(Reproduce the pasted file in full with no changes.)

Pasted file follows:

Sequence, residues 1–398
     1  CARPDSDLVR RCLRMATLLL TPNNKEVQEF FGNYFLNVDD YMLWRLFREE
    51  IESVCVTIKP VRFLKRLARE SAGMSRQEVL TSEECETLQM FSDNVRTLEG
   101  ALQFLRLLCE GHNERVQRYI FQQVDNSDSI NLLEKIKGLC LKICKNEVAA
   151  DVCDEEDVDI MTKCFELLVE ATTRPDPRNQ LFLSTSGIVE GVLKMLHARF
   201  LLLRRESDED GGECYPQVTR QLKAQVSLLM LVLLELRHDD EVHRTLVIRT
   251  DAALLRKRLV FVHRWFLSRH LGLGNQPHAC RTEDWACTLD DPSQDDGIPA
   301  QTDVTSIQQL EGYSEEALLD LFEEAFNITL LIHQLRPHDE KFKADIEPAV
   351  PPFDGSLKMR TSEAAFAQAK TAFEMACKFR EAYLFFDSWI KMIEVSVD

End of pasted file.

Sequence, residues 1–398
     1  CARPDSDLVR RCLRMATLLL TPNNKEVQEF FGNYFLNVDD YMLWRLFREE
    51  IESVCVTIKP VRFLKRLARE SAGMSRQEVL TSEECETLQM FSDNVRTLEG
   101  ALQFLRLLCE GHNERVQRYI FQQVDNSDSI NLLEKIKGLC LKICKNEVAA
   151  DVCDEEDVDI MTKCFELLVE ATTRPDPRNQ LFLSTSGIVE GVLKMLHARF
   201  LLLRRESDED GGECYPQVTR QLKAQVSLLM LVLLELRHDD EVHRTLVIRT
   251  DAALLRKRLV FVHRWFLSRH LGLGNQPHAC RTEDWACTLD DPSQDDGIPA
   301  QTDVTSIQQL EGYSEEALLD LFEEAFNITL LIHQLRPHDE KFKADIEPAV
   351  PPFDGSLKMR TSEAAFAQAK TAFEMACKFR EAYLFFDSWI KMIEVSVD